When celebrity culture rules and young people are consumed by the narcissistic and superficial world of Facebook, Twitter and YouTube, it is vital they understand that much of this life is illusory and ephemeral.

The great religions of the world deal with eternal, existential questions about happiness, fulfilment, the nature of good and evil and how to cope with suffering and loss.

Unlike much of contemporary Western culture that is driven by commercialism and immediate gratification, religion also teaches that this world is far from perfect and that to be human is to be vulnerable to loss and pain.

While frustrating and difficult to accept, religion also teaches there is much about life that is inexplicable and beyond our control. To cope after suffering loss, we need to accept there are larger forces that direct our fate, and the fate of those we hold close, and that often the best thing to do is to throw ourselves back into life.

An important part of coping with depression is the realisation that there is often no such thing as closure and that the best one can do is to find ways to alleviate the pain.

For Milligan it was poetry, for Churchill painting and for Robb it appeared to be early morning exhausting swims. Witnessed by many of the world's great composers, artists and writers, it is also important to realise that depression can be channelled into something creative and that it need not be wholly destructive.

Depression also needs to be shared with others and, especially for men, there needs to be a realisation that it is not a weakness to admit how debilitating it can be and how difficult to overcome.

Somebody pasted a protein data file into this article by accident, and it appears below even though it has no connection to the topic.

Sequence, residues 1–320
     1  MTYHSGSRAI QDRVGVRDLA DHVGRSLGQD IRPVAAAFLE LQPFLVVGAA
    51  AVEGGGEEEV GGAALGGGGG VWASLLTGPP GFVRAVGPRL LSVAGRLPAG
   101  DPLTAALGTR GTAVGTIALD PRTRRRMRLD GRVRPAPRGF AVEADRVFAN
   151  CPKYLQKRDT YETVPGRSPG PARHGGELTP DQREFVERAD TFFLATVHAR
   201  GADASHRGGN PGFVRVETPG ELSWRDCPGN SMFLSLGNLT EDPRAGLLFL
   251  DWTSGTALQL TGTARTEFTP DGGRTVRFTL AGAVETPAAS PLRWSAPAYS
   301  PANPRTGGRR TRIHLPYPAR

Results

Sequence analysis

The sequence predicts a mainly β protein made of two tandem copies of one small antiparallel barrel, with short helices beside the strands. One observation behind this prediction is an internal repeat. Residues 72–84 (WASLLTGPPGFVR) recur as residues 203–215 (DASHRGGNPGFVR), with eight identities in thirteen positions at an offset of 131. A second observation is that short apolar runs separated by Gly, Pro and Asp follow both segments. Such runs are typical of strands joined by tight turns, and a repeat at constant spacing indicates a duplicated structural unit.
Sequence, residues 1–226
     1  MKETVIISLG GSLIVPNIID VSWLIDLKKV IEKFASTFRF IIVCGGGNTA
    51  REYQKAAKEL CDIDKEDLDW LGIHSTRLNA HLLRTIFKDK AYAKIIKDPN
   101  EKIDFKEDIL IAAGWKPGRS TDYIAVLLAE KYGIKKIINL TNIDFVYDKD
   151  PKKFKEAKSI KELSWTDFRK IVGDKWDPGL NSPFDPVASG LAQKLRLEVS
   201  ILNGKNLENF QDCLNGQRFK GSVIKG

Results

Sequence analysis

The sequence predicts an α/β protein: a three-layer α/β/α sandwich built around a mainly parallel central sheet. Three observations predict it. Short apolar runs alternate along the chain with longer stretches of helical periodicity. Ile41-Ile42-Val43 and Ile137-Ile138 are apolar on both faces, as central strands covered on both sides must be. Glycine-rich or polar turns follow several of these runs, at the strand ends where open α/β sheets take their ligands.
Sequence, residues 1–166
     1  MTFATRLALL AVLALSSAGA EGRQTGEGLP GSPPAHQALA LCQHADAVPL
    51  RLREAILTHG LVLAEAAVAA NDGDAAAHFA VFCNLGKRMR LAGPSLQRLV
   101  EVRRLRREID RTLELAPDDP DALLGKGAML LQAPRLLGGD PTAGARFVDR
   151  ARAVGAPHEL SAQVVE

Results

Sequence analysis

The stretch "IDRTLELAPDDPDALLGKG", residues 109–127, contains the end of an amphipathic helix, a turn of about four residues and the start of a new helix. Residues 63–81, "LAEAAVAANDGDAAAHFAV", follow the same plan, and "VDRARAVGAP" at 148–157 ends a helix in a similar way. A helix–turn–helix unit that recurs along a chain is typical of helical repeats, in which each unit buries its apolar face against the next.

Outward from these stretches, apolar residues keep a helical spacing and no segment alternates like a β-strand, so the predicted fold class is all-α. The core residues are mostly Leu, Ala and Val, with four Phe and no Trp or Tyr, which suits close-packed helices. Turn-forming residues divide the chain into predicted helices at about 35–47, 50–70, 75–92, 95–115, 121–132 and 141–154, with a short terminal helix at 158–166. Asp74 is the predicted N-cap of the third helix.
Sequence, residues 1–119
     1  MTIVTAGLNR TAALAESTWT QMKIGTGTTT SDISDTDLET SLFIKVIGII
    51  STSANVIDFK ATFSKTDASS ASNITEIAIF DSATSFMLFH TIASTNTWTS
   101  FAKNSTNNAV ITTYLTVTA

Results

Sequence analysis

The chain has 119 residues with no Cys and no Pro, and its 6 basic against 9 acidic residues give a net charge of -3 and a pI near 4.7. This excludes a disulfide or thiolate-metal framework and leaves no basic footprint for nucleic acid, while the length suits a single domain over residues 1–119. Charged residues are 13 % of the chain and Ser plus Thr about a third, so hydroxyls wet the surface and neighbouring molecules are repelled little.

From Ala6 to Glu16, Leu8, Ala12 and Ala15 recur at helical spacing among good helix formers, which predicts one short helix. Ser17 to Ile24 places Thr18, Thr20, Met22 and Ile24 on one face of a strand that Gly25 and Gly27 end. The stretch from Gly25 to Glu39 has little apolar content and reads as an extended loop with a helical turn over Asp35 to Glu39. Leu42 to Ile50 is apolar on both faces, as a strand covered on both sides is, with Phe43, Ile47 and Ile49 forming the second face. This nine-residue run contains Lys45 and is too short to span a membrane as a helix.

Responses to this Post

As a teacher with over 30 years experience I read the "Overcoming Depression" article in the Weekend Australian with great interest. I have not always agreed with Kevin Donnelly's position on some matters, in particular those relating to testing and assessment. I may well have been influenced by certain academics and writers in this field.

However, when I read the above article, I found myself cheering the author. It is gratifying to see in print what one has independently surmised. I myself have used traditional fairy tales with young children,as examples of rich text and carriers of moral truths.

As Kevin would be aware, one runs the risk of being demonized by colleagues for such an approach.The feminisation of primary schools that Kevin mentions is overwhelming and very noticeable to an older male teaching practitioner like myself. The avoidance of any form of failure experience I see demonstrated in the bizarre ritual of making everyone a winner in sports competitions. 

I commend Kevin for his forthright and realistic comments and look forward to reading more in the future. Our children deserve it.

Alastair Burns

Alawa, NT



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28th July 2013

In the Weekend Australian I argue that depression, especially for young men, is a significant problem and offer some ways to confront it.WINSTON Churchill described it as his black dog, Australia's ...